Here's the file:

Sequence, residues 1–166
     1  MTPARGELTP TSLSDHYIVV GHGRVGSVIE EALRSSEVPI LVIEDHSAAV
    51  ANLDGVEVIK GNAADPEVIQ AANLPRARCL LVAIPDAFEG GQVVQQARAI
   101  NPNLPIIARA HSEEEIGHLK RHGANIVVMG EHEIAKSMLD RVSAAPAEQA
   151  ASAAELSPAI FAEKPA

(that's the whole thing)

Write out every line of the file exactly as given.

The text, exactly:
Sequence, residues 1–166
     1  MTPARGELTP TSLSDHYIVV GHGRVGSVIE EALRSSEVPI LVIEDHSAAV
    51  ANLDGVEVIK GNAADPEVIQ AANLPRARCL LVAIPDAFEG GQVVQQARAI
   101  NPNLPIIARA HSEEEIGHLK RHGANIVVMG EHEIAKSMLD RVSAAPAEQA
   151  ASAAELSPAI FAEKPA